Apart from body and sensor, cameras can and do differ across a range of features. The two cameras under review are similar with respect to both having an electronic viewfinder. However, the one in the A9 offers a substantially higher resolution than the one in the SX50 (3686k vs 202k dots). The adjacent table lists some of the other core features of the Canon SX50 and Sony A9 along with similar information for a selection of comparators.

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Core Features
    Camera
Model
Viewfinder
(Type or
000 dots)
Control
Panel
(yes/no)
LCD
Specifications
(inch/000 dots)
LCD
Attach-
ment
Touch
Screen
(yes/no)
Mech
Shutter
Speed
Shutter
Flaps
(1/sec)
Built-in
Flash
(yes/no)
Built-in
Image
Stab
1.
 
Canon SX50202 n3.0 / 461 swivel n 1/2000s 2.2 Y Y
2.
 
Sony A93686 n3.0 / 1440 tilting Y 1/8000s 20.0 n Y
3.
 
Canon SX60922 n3.0 / 922 swivel n 1/2000s 6.4 Y Y
4.
 
Canon G16optical n3.0 / 922 fixed n 1/4000s 2.2 Y Y
5.
 
Canon S120none n3.0 / 922 fixed Y 1/2000s 12.1 Y Y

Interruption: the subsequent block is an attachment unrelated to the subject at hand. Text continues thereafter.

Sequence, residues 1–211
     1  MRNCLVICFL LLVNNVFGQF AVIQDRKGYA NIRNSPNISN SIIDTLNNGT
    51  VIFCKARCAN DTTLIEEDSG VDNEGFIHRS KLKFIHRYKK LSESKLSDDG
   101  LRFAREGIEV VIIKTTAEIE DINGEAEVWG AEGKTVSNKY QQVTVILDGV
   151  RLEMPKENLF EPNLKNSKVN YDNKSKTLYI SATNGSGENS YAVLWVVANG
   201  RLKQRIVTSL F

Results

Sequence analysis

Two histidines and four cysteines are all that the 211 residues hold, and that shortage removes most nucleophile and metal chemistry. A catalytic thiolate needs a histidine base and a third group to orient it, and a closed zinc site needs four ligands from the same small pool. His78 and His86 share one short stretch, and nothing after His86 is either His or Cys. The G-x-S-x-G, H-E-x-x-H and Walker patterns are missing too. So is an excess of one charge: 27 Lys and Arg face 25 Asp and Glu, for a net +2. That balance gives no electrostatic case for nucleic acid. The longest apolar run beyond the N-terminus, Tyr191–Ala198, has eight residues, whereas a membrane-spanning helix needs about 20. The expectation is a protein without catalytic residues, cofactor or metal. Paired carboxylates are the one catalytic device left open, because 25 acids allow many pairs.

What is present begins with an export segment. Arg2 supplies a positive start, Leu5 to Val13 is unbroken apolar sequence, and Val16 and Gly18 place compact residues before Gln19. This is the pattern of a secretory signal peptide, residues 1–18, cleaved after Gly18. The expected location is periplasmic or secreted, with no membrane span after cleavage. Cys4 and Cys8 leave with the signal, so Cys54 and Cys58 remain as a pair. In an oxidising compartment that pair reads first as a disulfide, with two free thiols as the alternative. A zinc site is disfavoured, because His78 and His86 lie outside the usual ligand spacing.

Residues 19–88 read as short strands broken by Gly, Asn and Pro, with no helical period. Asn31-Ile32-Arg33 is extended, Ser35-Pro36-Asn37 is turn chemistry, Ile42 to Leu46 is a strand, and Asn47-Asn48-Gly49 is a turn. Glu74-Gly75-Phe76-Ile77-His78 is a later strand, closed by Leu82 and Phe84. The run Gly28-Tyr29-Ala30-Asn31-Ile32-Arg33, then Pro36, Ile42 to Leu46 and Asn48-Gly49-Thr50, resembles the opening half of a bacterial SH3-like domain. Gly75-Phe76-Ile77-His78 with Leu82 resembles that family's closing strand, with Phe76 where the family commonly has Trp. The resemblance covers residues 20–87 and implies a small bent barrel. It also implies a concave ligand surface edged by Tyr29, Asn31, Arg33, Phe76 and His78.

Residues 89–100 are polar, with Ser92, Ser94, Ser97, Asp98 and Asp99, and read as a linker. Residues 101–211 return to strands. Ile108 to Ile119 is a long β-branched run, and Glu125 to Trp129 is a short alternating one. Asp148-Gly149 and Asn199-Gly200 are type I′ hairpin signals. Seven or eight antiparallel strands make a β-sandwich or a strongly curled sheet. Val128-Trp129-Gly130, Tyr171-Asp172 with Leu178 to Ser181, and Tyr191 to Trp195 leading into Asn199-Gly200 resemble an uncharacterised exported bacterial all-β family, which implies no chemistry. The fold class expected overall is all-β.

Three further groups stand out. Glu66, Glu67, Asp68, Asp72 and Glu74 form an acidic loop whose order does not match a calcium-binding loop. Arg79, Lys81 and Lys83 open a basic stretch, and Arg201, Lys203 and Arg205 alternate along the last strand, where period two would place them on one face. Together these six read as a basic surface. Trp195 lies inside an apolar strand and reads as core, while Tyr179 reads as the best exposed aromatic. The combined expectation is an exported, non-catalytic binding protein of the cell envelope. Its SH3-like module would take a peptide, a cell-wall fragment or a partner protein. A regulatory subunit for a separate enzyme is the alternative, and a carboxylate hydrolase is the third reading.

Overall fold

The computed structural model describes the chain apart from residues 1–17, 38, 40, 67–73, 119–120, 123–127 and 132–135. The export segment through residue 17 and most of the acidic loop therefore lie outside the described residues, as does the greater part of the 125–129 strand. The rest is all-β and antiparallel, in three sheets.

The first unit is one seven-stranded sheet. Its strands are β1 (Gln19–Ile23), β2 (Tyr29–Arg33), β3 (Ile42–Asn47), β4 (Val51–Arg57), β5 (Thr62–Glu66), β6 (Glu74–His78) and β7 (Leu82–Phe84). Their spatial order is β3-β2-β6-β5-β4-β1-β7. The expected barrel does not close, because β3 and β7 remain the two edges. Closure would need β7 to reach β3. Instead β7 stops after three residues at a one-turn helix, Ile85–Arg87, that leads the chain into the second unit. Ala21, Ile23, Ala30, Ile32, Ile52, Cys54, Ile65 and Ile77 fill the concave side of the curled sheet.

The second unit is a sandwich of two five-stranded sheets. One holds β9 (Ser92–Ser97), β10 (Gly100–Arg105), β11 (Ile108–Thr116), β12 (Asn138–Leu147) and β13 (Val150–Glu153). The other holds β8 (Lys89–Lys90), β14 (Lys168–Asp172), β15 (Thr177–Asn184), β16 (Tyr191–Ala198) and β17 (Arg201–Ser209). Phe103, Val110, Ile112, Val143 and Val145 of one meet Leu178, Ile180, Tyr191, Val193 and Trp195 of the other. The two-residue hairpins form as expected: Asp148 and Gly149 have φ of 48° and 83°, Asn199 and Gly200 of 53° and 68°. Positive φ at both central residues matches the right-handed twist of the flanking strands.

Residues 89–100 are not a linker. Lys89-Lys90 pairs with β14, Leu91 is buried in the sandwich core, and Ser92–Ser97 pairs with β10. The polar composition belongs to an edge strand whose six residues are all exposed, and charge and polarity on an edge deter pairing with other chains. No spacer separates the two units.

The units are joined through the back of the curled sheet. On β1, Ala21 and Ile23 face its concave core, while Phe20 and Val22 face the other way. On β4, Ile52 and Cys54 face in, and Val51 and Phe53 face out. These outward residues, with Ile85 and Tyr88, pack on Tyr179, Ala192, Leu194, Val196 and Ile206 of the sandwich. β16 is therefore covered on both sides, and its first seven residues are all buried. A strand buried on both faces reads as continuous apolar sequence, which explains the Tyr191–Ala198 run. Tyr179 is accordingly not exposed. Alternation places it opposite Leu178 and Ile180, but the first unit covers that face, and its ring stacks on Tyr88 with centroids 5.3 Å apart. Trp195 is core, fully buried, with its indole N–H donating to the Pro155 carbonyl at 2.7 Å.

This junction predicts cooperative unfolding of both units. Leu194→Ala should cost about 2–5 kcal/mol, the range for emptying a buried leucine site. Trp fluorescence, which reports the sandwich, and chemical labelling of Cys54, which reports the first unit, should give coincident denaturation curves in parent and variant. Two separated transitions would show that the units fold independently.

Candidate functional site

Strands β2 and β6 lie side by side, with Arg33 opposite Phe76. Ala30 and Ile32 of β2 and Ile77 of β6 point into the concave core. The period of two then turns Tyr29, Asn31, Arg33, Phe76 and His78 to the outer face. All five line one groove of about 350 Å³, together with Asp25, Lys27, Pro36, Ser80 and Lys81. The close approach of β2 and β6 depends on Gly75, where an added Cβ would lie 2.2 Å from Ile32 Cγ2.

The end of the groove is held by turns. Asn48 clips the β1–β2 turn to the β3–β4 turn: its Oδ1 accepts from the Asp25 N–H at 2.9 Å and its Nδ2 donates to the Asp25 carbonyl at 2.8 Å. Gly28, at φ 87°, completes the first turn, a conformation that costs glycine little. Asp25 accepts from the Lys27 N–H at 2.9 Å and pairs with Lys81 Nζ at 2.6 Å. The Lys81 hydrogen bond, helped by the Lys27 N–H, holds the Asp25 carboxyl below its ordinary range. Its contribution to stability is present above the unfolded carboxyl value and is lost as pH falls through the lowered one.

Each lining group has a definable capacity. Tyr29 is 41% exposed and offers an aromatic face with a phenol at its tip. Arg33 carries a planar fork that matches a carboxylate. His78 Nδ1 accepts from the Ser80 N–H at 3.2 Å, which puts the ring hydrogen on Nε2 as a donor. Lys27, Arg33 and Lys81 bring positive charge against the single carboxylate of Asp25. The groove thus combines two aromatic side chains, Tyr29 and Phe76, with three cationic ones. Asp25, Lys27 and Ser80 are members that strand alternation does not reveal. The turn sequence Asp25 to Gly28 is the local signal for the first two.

6.
 
Canon G1 Xoptical n3.0 / 922 swivel n 1/4000s 1.9 Y Y
7.
 
Canon G15optical n3.0 / 922 fixed n 1/4000s 2.1 Y Y
8.
 
Canon SX40202 n2.7 / 230 swivel n 1/3200s 10.3 Y Y
9.
 
Canon 1100Doptical n2.7 / 230 fixed n 1/4000s 3.0 Y n
10.
 
Canon G12optical n2.8 / 461 swivel n 1/4000s 1.1 Y Y
11.
 
Panasonic GH53680 n3.2 / 1620 swivel Y 1/8000s 12.0 n Y
12.
 
Panasonic LX7optional n3.0 / 920 fixed n 1/4000s 11.0 Y Y
13.
 
Panasonic FZ150202 n3.0 / 460 swivel n 1/2000s 12.0 Y Y
14.
 
Sony A9 II3686 n3.0 / 1440 tilting Y 1/8000s 20.0 n Y
15.
 
Sony A7 III2359 n3.0 / 922 tilting Y 1/8000s 10.0 n Y
16.
 
Sony A7R III3686 n3.0 / 1440 tilting Y 1/8000s 10.0 n Y
17.
 
Sony A7 II2400 n3.0 / 1230 tilting n 1/8000s 5.0 n Y